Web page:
By: Trends Editorial Team
Argo Factory, a once active beverage factories in Iran in the 1960s and 1970s, was one of the first industrial plants in Tehran. The factory, with its distinctive architecture of tall chimneys and its unique geographical location in the city center, was neglected for years. And abandoned for past forty years, it had turned into a dilapidated building. But Argo Factory’s fate was tied to a much brighter future, and all was not lost for it. The factory started its activity as a beverage factory in the 1930, but the history of the building goes even further back. According to evidence uncovered by “Tehran’s Cultural Researches” team, the building had previously operated as an iron making factory, although establishing a definite date for it was not possible.
The Argo plant is located in the old part of the city and is of great importance in terms of “Tehranology”. During the period that the factory was in operation, there were very few industrial plants in the area, which made the conservation of this building to facilitate the chronicle and study of the region’s industries more important. According to available evidence, former owners of Argo Factory were influential businesspeople and had a great impact on development of the areas around the factory. Political conditions of the country also had direct repercussions for the operation of the factory and thefallout can be seen in the transformation noticeable in the surrounding areas. With the expansion of the city and the surge in development of residential areas during the mid-Pahlavi period, the operation of this building was stopped and it was forced to relocate to outside the city and a more industrial zone.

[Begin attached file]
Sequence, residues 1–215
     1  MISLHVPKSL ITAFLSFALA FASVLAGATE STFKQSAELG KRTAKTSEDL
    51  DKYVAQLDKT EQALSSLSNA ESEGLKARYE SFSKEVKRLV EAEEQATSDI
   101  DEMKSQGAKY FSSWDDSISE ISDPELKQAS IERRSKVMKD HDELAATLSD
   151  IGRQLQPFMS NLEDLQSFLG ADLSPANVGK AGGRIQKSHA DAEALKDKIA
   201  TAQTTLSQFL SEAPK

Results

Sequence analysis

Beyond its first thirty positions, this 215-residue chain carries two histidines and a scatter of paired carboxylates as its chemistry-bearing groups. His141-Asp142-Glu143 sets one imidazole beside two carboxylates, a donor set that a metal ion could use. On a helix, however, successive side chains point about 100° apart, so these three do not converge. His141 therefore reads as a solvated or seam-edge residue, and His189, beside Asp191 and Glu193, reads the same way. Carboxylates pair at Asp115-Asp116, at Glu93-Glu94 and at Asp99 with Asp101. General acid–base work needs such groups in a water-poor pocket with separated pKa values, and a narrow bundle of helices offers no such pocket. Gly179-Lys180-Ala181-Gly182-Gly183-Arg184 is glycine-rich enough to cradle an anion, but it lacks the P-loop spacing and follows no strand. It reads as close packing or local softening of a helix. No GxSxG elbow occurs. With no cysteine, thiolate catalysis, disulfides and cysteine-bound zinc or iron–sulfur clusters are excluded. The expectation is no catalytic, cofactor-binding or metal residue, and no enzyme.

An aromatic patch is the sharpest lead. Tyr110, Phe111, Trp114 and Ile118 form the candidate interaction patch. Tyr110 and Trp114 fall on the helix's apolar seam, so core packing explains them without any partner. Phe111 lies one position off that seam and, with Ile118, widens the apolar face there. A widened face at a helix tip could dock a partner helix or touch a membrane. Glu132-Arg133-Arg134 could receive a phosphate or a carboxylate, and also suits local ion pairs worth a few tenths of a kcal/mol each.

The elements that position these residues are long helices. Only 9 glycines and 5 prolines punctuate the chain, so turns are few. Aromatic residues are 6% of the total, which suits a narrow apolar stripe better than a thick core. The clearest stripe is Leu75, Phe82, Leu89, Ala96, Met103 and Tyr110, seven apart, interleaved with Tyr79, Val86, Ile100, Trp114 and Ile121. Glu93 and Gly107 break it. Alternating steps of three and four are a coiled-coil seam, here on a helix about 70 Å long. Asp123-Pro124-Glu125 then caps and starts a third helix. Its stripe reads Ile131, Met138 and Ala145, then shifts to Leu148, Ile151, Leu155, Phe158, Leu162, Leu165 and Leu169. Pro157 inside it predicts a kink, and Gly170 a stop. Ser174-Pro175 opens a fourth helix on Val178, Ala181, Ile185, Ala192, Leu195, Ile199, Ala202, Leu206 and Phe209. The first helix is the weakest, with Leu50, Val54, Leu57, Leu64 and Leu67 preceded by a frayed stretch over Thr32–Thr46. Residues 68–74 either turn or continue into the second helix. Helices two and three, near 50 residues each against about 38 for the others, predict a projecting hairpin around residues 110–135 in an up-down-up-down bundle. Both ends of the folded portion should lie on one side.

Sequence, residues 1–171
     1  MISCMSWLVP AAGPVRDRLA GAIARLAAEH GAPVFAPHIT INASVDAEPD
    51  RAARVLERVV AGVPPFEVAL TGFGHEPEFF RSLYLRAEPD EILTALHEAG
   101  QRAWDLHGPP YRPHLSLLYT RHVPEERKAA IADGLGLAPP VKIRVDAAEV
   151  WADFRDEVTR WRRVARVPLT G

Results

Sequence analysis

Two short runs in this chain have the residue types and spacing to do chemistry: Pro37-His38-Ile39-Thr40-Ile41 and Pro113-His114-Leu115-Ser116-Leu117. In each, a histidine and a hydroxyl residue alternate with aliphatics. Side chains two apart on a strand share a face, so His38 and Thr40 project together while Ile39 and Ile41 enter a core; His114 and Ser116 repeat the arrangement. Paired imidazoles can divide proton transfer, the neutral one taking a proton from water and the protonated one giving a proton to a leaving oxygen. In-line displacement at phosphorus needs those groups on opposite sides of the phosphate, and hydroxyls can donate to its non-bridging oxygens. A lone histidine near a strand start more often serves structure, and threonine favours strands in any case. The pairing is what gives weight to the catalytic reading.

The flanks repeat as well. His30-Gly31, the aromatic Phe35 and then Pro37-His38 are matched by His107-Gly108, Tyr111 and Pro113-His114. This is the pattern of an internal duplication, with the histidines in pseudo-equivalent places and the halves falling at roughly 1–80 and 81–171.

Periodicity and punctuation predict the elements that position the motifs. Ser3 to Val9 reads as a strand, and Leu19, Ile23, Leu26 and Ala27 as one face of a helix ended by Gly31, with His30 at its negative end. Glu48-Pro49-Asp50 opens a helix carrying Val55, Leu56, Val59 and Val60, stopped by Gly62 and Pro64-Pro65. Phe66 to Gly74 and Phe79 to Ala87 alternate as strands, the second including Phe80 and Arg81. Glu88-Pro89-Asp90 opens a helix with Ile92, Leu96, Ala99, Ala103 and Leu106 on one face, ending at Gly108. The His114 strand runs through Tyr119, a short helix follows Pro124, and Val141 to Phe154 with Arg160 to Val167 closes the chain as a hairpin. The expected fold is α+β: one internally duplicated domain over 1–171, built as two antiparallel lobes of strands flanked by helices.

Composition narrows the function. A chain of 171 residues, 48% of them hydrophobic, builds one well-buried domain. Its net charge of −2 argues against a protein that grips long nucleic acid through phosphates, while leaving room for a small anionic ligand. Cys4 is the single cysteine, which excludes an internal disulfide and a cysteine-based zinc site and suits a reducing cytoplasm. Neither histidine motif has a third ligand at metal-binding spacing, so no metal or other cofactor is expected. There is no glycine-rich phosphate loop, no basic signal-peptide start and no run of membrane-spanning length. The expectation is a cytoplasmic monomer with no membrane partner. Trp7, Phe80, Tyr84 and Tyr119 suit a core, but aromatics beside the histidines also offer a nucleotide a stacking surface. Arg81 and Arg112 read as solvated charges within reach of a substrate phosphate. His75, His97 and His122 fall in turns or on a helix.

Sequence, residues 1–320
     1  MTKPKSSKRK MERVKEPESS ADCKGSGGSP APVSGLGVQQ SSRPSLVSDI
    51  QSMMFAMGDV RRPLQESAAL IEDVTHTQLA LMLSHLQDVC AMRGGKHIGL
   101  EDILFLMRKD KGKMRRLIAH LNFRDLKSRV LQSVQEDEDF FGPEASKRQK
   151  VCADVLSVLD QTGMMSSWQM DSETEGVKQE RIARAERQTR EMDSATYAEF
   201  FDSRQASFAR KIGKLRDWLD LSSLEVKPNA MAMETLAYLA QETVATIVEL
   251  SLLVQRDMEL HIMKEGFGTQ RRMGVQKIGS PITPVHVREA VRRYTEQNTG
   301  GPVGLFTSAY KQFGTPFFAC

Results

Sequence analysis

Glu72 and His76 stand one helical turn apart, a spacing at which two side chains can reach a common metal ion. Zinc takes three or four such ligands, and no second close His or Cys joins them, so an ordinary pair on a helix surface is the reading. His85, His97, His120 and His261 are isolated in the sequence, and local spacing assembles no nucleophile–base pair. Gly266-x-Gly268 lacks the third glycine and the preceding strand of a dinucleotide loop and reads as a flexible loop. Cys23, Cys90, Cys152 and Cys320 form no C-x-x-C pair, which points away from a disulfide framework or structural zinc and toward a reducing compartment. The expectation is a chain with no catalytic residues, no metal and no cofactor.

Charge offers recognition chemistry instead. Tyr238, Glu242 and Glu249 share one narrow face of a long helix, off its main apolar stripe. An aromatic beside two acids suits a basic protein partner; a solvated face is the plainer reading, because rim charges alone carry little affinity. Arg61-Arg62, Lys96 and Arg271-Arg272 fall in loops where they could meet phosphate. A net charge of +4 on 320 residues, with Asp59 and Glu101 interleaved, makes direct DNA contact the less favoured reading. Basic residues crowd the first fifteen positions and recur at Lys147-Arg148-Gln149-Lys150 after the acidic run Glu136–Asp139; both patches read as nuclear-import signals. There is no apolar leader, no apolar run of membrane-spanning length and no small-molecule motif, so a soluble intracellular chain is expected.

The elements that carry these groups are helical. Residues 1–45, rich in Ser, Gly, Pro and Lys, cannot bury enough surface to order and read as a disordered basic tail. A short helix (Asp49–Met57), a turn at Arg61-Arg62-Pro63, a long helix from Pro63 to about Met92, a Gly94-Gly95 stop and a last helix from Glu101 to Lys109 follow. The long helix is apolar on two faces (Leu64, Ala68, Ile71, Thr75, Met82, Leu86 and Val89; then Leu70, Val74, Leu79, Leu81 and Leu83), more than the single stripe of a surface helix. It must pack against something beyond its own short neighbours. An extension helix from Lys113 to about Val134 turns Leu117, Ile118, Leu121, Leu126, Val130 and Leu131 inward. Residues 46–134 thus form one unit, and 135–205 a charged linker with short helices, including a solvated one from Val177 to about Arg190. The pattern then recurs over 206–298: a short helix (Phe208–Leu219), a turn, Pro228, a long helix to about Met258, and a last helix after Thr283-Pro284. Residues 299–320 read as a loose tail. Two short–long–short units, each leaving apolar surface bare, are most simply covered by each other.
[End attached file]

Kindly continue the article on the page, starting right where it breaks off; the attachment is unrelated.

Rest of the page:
After the relocation, the building was utilized as a retail store offering Argo products. The Argo Factory store was operational until one year before the Iranian Revolution in 1979 at which time it shut its doors. The building remained abandoned until 2016, when the Pejman Foundation, a Tehran-based organization focused on support of artistic and cultural events, purchased it with the aim of transforming the industrial space to a cultural one. In line with its ambitious goals of creating an exhibition space and a cultural center, the Foundation decided to renovate and revitalize the Factory’s building. Rehabilitation and temporary re-opening of this building began in October 2016 and soon three exhibitions were held in the semirenovated space of the factory that same year. In the winter of 2018, a more comprehensive restoration and renovation of the building began under the supervision of architect Ahmadreza Schricker (ASA North) at the request of Pejman Foundation. The emphasis of the restoration was on preserving the originality of the Argo Factory building with special tribute to the old city fabric of Tehran, making it an ideal venue for the ‘Argo Museum-Gallery’. Pejman Foundation hopes that with a new functional purpose for the old building, the cultural impact of the structure in the region will be better felt this time around.
Introducing Pejman Foundation and its role and activities